How Augmented Reality in Construction Helps Architects, Engineers and Builders

Augmented reality is being utilized by many industries for try-on experiences aimed at consumers, simulations in education and in manufacturing to aid technicians in their repairs and to learn processes. The benefit of augmented reality is that this technology can allow industries to preview ideas or updates to existing structures.

The graphic depictions of augmented reality can bring ideas to life and even can help industries understand the feasibility of a concept. For this reason, augmented reality also has been adopted for use in the construction industry. Here’s how augmented reality in construction helps architects, engineers and builders bring an idea to life from the ground up.

Augmented Reality in Construction

Augmenting the Building Site

Augmented reality has become an important tool for the construction industry. While virtual reality transports users into another realm to preview an idea or design, augmented reality might only require the use of glasses or even just a tablet or phone.

Augmented reality is easy to use, and its convenience can make it an ideal choice for a number of industries including the construction industry. Augmented reality works by using a phone or tablet to capture the real environment; graphic depictions are then shown in this environment.

For the construction industry, augmented reality can allow for new designs to be projected into a space. The technology also could project a full image of a project design onto a bare lot.

These graphic depictions can help architects, engineers, builders and maybe even homebuyers see a project before its even completed or before it has even begun. In the past, computers were used to show models of architectural drawings and renderings, but now augmented reality can show a more accurate and realistic depiction right on the property.

Augmented Reality in Construction

Augmented Reality in Architecture

The architect is charged with drawing the design of a home, building, structure or renovation. Architects will not only create renderings of the final design, but they also will draw and design the building plans for the project.

Architects have a number of augmented reality apps and programs that they might use to bring their ideas to life and to help a client better understand the final outcome. Morpholio Sketchwalk AR transforms sketches into an augmented reality depiction. The client and architect can actually tour the graphic augmented reality depiction of the design by using a tablet or phone.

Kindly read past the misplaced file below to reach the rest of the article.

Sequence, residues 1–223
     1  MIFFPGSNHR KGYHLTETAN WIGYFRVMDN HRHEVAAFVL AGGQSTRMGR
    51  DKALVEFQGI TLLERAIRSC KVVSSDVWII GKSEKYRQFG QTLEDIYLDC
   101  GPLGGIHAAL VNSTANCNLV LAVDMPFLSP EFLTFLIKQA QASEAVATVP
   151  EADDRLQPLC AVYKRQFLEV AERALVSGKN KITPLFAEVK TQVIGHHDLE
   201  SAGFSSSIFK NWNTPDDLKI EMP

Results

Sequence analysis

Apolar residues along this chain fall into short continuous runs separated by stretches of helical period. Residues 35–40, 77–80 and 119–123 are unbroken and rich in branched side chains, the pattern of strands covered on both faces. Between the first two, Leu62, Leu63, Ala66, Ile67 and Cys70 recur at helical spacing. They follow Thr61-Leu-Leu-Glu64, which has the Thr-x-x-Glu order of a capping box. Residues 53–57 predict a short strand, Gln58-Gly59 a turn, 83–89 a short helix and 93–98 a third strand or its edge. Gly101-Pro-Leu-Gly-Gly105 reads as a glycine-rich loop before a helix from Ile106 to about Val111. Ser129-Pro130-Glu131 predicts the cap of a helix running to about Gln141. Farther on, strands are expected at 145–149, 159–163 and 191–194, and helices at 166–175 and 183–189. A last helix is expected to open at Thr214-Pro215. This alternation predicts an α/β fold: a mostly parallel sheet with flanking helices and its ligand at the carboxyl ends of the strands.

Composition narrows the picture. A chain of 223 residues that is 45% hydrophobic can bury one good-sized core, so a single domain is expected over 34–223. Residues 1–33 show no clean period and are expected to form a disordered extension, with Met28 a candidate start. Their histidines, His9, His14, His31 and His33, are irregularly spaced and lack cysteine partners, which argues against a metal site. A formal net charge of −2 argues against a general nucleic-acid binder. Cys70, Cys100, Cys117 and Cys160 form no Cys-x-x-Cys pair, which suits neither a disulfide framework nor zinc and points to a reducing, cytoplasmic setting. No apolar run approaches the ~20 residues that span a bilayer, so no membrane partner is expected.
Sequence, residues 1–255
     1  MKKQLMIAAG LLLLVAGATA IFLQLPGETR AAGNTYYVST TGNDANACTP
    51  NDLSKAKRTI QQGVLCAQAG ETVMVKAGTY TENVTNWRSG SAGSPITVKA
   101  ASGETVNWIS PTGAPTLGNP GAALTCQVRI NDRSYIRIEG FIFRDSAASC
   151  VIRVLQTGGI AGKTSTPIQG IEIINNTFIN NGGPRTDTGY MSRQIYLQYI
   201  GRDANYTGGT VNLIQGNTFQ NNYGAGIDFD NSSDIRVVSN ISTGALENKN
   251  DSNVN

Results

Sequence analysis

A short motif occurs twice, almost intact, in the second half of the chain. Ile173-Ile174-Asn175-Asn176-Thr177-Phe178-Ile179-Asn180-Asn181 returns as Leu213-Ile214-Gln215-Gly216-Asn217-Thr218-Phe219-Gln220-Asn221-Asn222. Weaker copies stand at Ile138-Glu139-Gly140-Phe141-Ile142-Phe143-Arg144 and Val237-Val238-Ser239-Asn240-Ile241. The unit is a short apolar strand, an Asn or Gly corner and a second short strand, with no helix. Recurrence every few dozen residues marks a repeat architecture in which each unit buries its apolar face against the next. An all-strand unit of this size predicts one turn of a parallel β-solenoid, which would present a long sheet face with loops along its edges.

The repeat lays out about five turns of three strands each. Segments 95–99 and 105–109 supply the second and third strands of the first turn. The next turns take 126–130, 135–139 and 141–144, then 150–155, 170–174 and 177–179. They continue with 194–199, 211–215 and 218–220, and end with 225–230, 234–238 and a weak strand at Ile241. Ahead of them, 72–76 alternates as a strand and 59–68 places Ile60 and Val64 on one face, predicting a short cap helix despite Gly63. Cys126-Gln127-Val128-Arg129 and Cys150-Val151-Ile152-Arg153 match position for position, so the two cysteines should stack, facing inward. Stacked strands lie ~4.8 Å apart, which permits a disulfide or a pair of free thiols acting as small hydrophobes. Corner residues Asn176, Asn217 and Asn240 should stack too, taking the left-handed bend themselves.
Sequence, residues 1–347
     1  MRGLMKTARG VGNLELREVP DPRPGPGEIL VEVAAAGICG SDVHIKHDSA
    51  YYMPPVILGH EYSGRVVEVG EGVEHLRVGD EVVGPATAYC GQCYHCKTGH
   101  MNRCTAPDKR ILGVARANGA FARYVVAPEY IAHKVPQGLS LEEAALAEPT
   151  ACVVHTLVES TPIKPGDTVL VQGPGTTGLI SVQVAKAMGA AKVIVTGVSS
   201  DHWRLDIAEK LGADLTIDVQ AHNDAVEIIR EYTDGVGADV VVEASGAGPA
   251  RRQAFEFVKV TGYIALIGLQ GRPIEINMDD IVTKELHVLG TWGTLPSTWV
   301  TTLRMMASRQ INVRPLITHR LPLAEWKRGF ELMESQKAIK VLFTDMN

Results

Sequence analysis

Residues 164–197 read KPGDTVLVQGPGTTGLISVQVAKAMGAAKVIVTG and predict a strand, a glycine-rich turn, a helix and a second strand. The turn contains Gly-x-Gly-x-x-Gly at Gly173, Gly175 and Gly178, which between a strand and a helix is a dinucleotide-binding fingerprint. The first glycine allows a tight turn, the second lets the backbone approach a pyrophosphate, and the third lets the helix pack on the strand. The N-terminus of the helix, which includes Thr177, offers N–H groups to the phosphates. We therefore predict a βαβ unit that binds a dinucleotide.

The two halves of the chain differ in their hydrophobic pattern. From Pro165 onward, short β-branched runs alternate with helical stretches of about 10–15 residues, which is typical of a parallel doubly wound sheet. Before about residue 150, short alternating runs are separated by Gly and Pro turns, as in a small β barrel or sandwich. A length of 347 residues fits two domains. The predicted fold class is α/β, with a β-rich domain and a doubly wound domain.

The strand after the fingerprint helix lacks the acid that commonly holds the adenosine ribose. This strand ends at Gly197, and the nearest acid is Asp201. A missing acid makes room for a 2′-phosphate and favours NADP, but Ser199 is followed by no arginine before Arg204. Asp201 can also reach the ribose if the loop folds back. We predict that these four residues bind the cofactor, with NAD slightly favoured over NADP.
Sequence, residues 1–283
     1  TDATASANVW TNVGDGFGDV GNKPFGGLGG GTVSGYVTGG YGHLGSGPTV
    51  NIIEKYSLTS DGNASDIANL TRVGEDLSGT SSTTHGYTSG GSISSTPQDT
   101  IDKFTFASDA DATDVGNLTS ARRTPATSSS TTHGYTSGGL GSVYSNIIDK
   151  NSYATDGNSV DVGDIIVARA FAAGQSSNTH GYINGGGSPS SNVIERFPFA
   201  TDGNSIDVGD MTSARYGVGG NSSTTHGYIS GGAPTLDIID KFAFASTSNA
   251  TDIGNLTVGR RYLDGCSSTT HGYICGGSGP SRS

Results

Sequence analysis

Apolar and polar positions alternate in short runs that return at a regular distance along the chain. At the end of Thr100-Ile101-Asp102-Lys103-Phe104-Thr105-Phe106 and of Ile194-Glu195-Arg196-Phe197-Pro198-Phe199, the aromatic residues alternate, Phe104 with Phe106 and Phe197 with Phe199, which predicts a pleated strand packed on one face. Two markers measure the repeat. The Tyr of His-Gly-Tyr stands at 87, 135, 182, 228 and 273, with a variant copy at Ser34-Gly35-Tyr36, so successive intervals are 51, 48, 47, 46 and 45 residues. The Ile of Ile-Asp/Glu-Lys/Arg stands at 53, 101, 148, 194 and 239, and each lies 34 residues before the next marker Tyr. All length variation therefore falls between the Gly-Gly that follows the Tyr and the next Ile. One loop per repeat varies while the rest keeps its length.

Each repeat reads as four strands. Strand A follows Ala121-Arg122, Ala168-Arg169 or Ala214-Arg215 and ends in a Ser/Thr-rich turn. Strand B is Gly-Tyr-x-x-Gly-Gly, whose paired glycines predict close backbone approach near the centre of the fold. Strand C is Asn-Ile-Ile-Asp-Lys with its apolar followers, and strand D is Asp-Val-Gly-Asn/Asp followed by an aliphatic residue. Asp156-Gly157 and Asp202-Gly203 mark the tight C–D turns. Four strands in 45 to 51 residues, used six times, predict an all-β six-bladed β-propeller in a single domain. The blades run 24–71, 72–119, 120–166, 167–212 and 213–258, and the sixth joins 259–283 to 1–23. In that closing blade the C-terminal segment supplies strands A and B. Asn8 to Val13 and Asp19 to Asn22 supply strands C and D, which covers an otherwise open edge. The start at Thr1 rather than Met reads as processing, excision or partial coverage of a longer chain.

ArchDaily also includes augmented reality measuring apps among its list of augmented reality resources for architects. These apps mean that architects don’t have to carry around a measuring tape; instead an app will project digital markings that help to accurately measure any space.

The app ARki lets architects transform 3D models into augmented reality. This allows architects to drop a project model onto any space—including the empty lot where it might be located. This can help clients and the architect better understand the design.

Augmented Reality in Engineering

Flatworld Solutions explains that engineers also can use augmented reality to view projects. However, they also might use this technology to include multi-step instructions in a manufacturing plant to aid technicians.

Engineers also could superimpose augmented reality data over current structures to better understand changes. Augmented reality also could be used to better understand the progress of a particular project.

Engineering is a vast field that extends beyond construction and building. However, in the building or construction industry, engineers could use augmented reality similarly to architects.

Augmented Reality in Construction

Augmented Reality for Builders

Digital Builder explains that augmented reality could be used in numerous capacities throughout the construction process. Augmented reality allows a digital preview in almost any environment. This means that models can be dropped on the lots or spaces where they will be built.

However, the site also explains that the construction industry can use the technology to collaborate. Augmented reality can give others on the team—who may be remote—an opportunity to view the project and catch any issues.

In addition, Digital Builder also notes that augmented reality can improve safety, too. Special augmented reality glasses could be used to better understand hazards.

Many industries—including construction—also may use augmented reality tools for employee training. Like virtual reality training, augmented reality allows workers to safely explore problems and situations without actually being in harm’s way or making an error that could be disruptive.

Homeowners and Augmented Reality